Under the adopted law, fines for breaking the rules will range from 500 to 1,500 euros for private individuals and from 1,500 to 6,000 euros for businesses. Police will be given the right to impose fines.
Currently, the fines amount up to 140 euros for private individuals and up to 600 euros for businesses and can only be levied by public health specialists.
But there was a lack of votes in the parliament to increase the maximum prison term, from three years to five years, for someone who causes the spread of a disease or an outbreak by failing to comply with the rules. The Justice Ministry had proposed increasing the prison term to five years.
Lawmakers also failed to adopt an amendment that an adult who is aware of their illness but fails to take the necessary protective measures, thus exposing other people to the virus, could face up to a year on jail. The existing law does not provide for imprisoning such violators unless it is proven that they caused the spread of the disease.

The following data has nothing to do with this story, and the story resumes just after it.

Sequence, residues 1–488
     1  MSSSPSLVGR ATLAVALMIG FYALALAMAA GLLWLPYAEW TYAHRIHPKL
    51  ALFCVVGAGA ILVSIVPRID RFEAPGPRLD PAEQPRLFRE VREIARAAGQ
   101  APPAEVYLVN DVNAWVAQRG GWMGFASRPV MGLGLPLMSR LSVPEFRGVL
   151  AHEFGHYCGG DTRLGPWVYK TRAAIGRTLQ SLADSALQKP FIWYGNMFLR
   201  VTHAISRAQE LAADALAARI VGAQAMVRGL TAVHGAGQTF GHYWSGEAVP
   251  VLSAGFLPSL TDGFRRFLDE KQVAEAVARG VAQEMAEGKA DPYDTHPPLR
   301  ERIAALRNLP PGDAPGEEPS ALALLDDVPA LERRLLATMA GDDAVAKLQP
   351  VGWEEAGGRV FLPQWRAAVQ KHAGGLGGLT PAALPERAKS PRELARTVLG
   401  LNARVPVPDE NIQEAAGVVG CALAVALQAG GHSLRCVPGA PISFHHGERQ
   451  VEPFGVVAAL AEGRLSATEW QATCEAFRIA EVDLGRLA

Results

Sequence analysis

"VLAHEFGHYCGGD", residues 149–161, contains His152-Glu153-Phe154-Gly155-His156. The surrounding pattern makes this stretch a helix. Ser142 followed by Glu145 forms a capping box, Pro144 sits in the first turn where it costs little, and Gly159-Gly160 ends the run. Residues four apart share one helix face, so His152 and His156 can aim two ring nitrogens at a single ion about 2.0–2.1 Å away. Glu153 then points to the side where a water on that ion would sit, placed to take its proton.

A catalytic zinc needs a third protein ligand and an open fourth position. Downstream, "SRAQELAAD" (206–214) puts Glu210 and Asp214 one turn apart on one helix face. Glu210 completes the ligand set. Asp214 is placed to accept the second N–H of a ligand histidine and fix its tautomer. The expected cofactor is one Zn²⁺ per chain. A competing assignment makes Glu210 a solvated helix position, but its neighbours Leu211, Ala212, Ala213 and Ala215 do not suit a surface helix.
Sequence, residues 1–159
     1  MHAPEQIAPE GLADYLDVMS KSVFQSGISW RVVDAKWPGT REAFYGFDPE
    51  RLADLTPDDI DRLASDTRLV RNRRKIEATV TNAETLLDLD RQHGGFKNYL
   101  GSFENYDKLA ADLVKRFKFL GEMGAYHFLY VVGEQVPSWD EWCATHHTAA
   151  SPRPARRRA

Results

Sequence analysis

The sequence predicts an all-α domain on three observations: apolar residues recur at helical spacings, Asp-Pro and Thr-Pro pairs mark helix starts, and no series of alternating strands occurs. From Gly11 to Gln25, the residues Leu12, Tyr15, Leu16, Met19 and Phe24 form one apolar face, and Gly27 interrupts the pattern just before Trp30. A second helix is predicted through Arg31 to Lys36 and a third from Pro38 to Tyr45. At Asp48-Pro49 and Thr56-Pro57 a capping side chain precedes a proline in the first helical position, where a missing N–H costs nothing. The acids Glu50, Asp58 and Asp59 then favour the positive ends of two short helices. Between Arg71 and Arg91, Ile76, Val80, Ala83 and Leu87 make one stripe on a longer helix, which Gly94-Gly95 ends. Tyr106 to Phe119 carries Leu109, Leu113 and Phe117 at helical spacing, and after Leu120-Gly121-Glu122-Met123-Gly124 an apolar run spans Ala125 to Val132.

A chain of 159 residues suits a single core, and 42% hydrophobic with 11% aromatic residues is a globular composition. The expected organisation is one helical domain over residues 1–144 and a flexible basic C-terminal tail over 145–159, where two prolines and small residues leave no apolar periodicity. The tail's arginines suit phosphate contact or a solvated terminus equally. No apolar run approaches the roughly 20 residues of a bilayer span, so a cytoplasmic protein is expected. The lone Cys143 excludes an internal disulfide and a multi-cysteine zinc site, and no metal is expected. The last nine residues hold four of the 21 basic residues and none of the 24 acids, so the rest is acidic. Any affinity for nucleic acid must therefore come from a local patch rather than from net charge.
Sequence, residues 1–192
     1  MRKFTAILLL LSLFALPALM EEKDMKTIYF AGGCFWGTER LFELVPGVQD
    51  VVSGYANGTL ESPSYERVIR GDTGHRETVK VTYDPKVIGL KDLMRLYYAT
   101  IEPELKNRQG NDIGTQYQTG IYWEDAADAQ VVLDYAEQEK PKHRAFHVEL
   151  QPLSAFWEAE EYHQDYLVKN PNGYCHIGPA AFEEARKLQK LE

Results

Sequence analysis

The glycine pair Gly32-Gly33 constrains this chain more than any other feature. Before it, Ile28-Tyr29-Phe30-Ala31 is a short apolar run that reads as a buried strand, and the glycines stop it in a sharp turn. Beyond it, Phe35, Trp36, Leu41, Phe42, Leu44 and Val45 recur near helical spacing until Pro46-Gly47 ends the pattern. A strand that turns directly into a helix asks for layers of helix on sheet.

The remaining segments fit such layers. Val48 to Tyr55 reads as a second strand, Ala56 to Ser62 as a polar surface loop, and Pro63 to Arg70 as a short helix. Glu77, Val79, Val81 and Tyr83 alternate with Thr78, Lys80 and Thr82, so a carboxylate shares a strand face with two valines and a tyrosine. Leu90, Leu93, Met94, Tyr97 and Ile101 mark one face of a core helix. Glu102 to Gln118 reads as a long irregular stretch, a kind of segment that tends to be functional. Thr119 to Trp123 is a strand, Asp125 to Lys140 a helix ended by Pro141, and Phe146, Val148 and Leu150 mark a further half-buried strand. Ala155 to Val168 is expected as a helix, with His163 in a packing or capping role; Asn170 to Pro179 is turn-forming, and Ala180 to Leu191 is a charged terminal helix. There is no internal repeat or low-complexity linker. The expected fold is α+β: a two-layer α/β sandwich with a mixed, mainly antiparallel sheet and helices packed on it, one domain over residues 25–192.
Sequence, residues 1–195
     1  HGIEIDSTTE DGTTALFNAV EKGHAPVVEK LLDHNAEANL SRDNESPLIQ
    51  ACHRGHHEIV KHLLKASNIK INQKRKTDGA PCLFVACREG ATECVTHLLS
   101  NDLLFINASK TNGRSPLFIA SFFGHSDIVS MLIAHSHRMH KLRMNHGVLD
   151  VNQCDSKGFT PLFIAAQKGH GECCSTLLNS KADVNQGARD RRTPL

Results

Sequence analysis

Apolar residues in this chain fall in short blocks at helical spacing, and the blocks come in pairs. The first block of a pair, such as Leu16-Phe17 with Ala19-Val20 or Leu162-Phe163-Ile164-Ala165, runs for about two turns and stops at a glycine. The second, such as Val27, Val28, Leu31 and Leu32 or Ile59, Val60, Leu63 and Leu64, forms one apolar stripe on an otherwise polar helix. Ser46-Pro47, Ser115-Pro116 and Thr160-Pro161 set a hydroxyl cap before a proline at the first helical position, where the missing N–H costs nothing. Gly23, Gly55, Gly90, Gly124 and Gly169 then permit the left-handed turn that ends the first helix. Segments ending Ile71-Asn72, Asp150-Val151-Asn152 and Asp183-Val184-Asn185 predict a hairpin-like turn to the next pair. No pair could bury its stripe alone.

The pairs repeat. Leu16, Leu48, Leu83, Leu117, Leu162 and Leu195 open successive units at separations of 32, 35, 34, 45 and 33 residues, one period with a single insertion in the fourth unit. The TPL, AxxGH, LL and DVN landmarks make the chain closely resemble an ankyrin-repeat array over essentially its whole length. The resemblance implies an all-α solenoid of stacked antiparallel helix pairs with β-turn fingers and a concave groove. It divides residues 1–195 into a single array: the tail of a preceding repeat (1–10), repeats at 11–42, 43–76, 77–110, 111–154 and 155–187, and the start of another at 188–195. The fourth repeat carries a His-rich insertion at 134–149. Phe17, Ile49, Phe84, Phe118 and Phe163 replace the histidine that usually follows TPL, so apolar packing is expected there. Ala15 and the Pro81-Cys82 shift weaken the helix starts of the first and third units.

70 lawmakers voted for tougher administrative liability, two were against and 31 abstained. The amendments to the Criminal Code were not adopted as fewer than half of lawmakers – 59 – had registered to vote.
Supporters of the government amendments say harsher penalties would deter offenders. Meanwhile, critics say they are only imitating the resolution of social problems, saying that unavoidability of penalties, and not increasing them, is the best way to deter offenders.